The trial of former Virginia governor Bob McDonnell shows that it's convenient to have a female scapegoat
Updated Aug. 20, 10:10 a.m. E.T.
Men have been blaming their screwups on women ever since the Garden of Eden. Because Adam totally didn’t mean to eat that apple! He only did it because that crazy Eve chick tricked him into it. She must have had a crush on the snake.
This week, former Virginia governor Bob McDonnell’s defense team started bringing witnesses to testify about Maureen McDonnell’s craziness and the former governor’s saintliness. The couple is facing federal corruption charges related to luxury gifts and loans they accepted from a political donor. The defense strategy so far has been to pin the blame for the whole mess on the ex-governor’s wife, saying she had a “crush” on big donor Jonnie Williams, but wasn’t a public official herself so lavish presents to her don’t count as corruption.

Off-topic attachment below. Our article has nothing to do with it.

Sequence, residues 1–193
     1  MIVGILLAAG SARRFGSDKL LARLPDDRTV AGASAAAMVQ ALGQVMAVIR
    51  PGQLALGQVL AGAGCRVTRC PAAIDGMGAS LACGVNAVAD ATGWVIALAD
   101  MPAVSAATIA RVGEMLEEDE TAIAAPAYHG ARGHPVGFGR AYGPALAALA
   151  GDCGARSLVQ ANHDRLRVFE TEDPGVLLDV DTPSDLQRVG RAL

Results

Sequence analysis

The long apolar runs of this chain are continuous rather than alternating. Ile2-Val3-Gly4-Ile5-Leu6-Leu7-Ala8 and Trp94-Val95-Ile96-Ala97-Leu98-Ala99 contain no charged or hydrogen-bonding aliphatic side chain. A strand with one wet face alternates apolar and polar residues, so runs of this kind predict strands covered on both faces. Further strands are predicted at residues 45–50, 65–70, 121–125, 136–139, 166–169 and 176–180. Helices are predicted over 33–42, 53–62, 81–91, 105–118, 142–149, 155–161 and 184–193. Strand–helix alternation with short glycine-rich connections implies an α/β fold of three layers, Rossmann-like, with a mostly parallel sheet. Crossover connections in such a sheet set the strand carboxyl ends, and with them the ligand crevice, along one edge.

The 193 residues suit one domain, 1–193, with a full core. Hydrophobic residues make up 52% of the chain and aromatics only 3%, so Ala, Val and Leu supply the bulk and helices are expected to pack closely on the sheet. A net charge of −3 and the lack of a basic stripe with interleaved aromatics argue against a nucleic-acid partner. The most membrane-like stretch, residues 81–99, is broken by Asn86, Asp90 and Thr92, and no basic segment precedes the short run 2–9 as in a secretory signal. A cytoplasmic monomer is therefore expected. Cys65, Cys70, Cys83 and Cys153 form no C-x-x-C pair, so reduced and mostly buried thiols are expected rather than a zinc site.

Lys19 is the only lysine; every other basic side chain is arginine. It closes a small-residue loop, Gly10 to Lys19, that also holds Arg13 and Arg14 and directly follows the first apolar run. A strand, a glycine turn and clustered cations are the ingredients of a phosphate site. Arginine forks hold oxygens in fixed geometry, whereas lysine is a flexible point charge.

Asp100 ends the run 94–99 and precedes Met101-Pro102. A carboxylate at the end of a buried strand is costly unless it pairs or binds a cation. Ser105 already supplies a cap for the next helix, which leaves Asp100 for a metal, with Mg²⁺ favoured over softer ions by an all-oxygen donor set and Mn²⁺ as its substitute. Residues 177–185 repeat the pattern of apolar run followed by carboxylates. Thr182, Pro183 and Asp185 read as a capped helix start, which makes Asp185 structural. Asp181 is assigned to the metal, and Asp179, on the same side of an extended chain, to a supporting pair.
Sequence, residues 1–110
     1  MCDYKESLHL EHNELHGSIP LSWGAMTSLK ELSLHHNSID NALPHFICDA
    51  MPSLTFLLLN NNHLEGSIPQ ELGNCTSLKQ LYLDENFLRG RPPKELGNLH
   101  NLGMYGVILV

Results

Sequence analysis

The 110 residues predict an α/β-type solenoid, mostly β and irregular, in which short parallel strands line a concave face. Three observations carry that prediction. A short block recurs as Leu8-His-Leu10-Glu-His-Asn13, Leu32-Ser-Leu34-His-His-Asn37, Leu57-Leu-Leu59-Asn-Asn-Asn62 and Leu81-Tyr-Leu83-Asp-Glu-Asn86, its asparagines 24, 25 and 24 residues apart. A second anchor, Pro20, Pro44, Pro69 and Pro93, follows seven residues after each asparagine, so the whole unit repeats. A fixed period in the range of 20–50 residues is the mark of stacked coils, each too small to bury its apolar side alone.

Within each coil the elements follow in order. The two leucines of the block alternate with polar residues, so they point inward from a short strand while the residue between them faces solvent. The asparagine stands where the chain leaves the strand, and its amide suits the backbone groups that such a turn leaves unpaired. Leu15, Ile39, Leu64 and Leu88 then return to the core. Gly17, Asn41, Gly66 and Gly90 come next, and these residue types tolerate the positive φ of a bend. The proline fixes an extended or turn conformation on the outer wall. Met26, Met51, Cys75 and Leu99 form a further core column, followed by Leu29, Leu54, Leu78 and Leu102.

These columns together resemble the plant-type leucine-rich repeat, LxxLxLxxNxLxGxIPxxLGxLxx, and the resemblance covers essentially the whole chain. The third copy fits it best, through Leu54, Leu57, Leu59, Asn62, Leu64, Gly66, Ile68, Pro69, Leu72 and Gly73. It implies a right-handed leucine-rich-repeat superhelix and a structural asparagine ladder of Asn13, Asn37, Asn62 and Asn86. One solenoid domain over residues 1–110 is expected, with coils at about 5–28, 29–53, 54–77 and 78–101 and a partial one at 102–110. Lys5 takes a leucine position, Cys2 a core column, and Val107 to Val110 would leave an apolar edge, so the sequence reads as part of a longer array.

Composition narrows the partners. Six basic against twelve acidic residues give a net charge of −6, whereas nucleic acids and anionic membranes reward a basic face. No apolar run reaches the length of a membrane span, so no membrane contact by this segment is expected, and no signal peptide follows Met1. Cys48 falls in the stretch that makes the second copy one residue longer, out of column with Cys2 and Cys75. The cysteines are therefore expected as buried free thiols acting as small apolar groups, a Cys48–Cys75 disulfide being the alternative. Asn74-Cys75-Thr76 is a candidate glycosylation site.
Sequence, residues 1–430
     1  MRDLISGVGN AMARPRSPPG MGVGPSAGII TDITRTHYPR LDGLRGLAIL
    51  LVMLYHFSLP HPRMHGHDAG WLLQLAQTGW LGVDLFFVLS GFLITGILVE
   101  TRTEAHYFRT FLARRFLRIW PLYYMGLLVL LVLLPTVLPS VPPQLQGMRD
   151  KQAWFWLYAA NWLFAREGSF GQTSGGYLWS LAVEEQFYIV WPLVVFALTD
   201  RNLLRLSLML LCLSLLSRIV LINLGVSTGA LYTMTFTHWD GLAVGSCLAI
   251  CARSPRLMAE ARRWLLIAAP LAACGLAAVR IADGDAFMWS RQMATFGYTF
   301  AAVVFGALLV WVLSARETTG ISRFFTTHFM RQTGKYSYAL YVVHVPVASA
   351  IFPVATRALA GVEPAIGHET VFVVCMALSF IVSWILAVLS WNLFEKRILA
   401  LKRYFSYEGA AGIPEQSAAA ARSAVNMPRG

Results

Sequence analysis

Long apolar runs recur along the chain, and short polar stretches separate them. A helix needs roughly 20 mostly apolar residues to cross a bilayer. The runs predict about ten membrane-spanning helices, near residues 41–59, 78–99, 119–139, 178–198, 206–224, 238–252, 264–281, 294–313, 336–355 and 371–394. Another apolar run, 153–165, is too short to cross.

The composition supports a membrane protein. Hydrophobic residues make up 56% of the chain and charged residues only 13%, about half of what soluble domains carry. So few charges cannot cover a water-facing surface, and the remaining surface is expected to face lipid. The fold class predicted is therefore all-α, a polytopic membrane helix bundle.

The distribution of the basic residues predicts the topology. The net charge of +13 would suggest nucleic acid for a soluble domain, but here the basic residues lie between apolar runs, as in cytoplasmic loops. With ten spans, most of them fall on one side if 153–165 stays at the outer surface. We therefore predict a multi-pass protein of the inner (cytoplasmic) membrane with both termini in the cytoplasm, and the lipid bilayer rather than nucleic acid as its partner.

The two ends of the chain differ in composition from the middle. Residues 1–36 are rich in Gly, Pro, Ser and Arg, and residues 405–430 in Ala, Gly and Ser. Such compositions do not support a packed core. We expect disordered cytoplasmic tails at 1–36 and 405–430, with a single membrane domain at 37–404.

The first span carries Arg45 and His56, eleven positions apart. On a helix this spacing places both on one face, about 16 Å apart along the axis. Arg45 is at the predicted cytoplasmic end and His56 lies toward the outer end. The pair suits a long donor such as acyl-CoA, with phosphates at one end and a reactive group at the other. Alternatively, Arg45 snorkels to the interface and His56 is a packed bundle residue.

Williams, who testified for federal prosecutors under a generous immunity deal, denied any romantic intrigue with Mrs. McDonnell, saying his relationship with the family was a business transaction to help sell health supplements through his company, Star Scientific. “I thought the governor could help bring this product to the marketplace, and it was not the right thing to do,” he testified.
But the defense is arguing that the governor didn’t have anything to do with the $165,000 in cash and gifts that Williams gave him over a two-year period, it was just little ol’ Maureen being a silly woman in love. Love makes women dumb, right?